Remove white papery skin from garlic head (do not peel or separate the cloves). Wrap head in foil. Bake at 350° for 1 hour; cool 10 minutes. Separate cloves; squeeze to extract garlic pulp. Discard skins.
Heat oil in a large saucepan over medium-high heat. Add leek; sauté 5 minutes or until tender. Stir in garlic, squash, 2 cups water, broth, salt, and black pepper; bring to a boil. Reduce heat, and simmer 10 minutes or until squash is tender. Place half of squash mixture in a blender. Remove center piece of blender lid (to allow steam to escape); secure blender lid on blender. Place a clean towel over the opening in the blender lid (to avoid splatters). Blend until smooth. Pour pureed soup into a bowl. Repeat procedure with remaining squash mixture.
Wine note: The creamy texture of the pureed soup matches well with a plump but crisp Chardonnay like J.J. Vincent Bourgogne Blanc ($15). It's suitably rich, round, and fruity, with gently buttery flavors and good acidity to balance the natural sweetness of the squash. -Jeffery Lindenmuth
Calories:167 (19% from fat)
Fat:3.5g (sat 0.5g,mono 2.2g,poly 0.6g)
I was just looking for a spinach salad recipe to take to a party on Saturday and I came across an interesting one that called for cubed, cooked butternut squash. I'd roast it like suggested and once cool toss it with spinach, sliced red onion, some dried cranberries, and a nice balsamic vinaigrette. I'm not doing that for the party, but it sounds yummy and I'm going to try it later in the week (I have a squash on the counter that I need to use.)
I also love making soup with it, or just eating it as a side veggie. You could also boil it and mash and use in baked goods like pumpkin, but that may or may not be diet friendly depending on the recipe.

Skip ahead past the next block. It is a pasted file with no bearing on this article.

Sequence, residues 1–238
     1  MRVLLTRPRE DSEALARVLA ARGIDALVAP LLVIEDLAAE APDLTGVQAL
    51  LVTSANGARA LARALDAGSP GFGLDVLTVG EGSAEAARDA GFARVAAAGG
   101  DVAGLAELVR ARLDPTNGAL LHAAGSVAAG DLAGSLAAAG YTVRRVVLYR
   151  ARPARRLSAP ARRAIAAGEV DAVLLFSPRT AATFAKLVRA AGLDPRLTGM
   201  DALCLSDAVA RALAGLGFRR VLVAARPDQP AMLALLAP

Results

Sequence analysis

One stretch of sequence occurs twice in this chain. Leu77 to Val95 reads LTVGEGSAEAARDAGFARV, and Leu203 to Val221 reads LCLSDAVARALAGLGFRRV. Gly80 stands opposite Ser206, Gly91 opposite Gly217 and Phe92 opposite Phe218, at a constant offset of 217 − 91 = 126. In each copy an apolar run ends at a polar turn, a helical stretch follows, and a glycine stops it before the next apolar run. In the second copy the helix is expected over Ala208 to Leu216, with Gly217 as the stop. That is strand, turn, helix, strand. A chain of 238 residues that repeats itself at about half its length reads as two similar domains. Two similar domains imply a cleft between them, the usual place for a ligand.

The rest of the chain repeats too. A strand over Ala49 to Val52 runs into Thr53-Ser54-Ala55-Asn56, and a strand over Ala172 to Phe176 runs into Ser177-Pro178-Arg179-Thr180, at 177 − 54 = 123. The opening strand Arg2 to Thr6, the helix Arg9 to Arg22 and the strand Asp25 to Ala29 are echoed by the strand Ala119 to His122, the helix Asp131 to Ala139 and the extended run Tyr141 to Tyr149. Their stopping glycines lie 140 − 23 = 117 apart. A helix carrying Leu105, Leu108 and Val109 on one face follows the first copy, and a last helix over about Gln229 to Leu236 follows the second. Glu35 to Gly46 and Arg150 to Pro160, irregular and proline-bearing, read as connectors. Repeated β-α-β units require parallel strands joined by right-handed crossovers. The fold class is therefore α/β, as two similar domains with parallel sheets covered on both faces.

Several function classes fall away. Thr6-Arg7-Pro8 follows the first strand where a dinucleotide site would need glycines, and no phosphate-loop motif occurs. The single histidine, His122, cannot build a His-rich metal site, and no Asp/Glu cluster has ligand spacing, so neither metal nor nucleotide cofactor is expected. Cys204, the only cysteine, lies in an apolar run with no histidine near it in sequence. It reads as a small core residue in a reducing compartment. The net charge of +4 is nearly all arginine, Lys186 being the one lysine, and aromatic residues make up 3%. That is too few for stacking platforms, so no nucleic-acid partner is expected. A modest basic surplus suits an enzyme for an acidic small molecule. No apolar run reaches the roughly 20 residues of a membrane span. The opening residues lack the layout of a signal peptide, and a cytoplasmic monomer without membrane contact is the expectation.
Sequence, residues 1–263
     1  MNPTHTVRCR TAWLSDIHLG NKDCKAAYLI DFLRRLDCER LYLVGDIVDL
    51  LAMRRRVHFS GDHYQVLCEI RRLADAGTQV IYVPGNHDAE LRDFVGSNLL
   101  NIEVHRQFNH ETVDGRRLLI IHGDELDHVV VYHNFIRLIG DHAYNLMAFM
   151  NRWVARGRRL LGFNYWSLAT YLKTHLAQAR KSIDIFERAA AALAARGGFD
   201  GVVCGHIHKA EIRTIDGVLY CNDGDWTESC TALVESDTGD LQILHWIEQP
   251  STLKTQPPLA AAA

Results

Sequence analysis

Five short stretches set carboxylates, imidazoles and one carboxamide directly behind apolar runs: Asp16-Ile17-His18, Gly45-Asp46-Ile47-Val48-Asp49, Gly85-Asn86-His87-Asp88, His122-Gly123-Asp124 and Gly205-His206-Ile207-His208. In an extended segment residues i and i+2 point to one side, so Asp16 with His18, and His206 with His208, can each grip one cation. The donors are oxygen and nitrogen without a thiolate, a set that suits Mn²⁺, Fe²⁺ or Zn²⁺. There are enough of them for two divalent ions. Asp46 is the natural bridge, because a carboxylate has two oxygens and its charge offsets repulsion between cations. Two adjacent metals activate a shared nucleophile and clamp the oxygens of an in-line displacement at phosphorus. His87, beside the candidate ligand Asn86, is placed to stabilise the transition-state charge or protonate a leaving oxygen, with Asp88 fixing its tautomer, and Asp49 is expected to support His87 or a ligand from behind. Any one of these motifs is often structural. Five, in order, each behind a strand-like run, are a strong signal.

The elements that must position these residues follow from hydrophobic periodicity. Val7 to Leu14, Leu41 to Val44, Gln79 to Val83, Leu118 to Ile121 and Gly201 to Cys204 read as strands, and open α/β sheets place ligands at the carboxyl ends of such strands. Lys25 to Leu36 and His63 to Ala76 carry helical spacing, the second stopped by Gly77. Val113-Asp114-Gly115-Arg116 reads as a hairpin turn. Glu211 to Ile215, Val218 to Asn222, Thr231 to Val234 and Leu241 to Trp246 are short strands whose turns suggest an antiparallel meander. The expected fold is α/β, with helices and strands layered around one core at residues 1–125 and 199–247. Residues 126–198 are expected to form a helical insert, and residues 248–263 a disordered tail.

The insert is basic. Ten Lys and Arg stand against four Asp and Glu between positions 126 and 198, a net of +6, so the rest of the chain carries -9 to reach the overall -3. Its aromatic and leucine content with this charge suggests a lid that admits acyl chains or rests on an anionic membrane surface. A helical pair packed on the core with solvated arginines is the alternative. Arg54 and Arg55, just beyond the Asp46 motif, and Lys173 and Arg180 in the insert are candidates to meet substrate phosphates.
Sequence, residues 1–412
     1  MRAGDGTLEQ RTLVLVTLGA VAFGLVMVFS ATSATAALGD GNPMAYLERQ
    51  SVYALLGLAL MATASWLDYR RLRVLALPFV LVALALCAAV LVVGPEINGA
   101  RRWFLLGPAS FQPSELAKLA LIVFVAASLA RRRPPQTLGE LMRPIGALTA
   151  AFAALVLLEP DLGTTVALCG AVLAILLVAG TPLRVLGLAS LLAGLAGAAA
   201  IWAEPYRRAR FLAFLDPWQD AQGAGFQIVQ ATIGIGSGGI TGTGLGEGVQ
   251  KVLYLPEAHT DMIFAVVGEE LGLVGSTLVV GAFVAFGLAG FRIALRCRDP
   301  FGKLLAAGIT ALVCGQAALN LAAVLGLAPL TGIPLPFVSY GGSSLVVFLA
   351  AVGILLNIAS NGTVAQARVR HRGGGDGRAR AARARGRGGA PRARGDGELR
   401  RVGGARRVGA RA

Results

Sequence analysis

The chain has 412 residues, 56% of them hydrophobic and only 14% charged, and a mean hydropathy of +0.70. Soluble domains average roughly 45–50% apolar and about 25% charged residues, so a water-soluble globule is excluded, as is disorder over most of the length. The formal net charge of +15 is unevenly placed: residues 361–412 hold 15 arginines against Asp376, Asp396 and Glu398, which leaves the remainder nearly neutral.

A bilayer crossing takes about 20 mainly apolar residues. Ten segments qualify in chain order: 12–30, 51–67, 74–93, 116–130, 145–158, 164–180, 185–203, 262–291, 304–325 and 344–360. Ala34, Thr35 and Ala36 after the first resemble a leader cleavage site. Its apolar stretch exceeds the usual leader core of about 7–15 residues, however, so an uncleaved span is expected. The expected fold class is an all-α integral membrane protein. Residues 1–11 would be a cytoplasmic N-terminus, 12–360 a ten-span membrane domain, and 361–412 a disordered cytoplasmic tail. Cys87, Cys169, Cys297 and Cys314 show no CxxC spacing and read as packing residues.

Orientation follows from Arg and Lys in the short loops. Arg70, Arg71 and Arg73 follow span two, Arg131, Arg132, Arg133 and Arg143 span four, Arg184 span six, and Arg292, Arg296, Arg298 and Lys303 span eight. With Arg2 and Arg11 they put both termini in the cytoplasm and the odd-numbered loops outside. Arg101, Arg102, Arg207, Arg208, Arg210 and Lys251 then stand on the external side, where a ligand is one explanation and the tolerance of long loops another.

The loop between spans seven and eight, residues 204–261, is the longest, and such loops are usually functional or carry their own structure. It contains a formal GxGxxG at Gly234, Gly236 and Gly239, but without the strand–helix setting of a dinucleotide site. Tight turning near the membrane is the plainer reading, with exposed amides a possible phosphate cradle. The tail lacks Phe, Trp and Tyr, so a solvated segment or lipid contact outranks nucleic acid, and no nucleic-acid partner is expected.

I'm jealous too! I need to go see if my Costco does. It can be some work to peel and cube a squash (and then my fingers turn orange), but so worth it!
I roast mine just the way Amanda does, roasted with olive oil & salt and whatever I can grab---chile powder, paprika, cumin....hmmm, maybe I will try cinnamon next time! I am on a cinnamon, nutmeg, ginger kick.
I read somewhere that the pre-cubed squash is flavorless compared to cutting up your own, but I have never done a comparison. Actually, I don't think I've ever tried the pre-cubed ones. I don't if that is one of those things it takes a real picky palate to pick up on, or if it really makes a difference.
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I think I am going for either the salad or the roasted squash tonight, and I will definitely be making the soup later, maybe for the weekend
It was pure coincidence that I found the bag, it's not that big and they were just "sitting" there very unassumingly in the refrigerated veggie section. I will let you know if I find it to be flavourless too.
I tried it both roasted and in the soup.
We both really liked it roasted, so I ended buying some more
I tried the soup a couple of days ago and thought it was kind of bland, so maybe adding some other spice might perk it up...I am not sure what yet, but I will experiment.
I really want to tryi it roasted with something sweet like cinnamon as midwife suggested, so that will be the next batch.
Did anyone else have any luck finding the squash at their local Costco?
I love it roasted with cinnamon. I also like it roasted then mashed with a touch of pure maple syrup.
A note about peeling. If you put your whole squash in the microwave on high for a few minutes (2 to 3 minutes depending on size) *OR* (as my Grandma used to do), drop one in a pot of boiling water for a few minutes, remove from microwave/ water and cool before peeling. Makes peeling a breeze with a vegetable peeler. Though I usually don't peel it before roasting. Wash, slice in half, scoop out seeds and roast skin side down. You can easily scoop it out of the skin/shell if roasted long enough. This way works best when you want it very soft for soup. (same with acorn squash)
Last edited by Lori Bell : 10-27-2008 at 01:45 PM.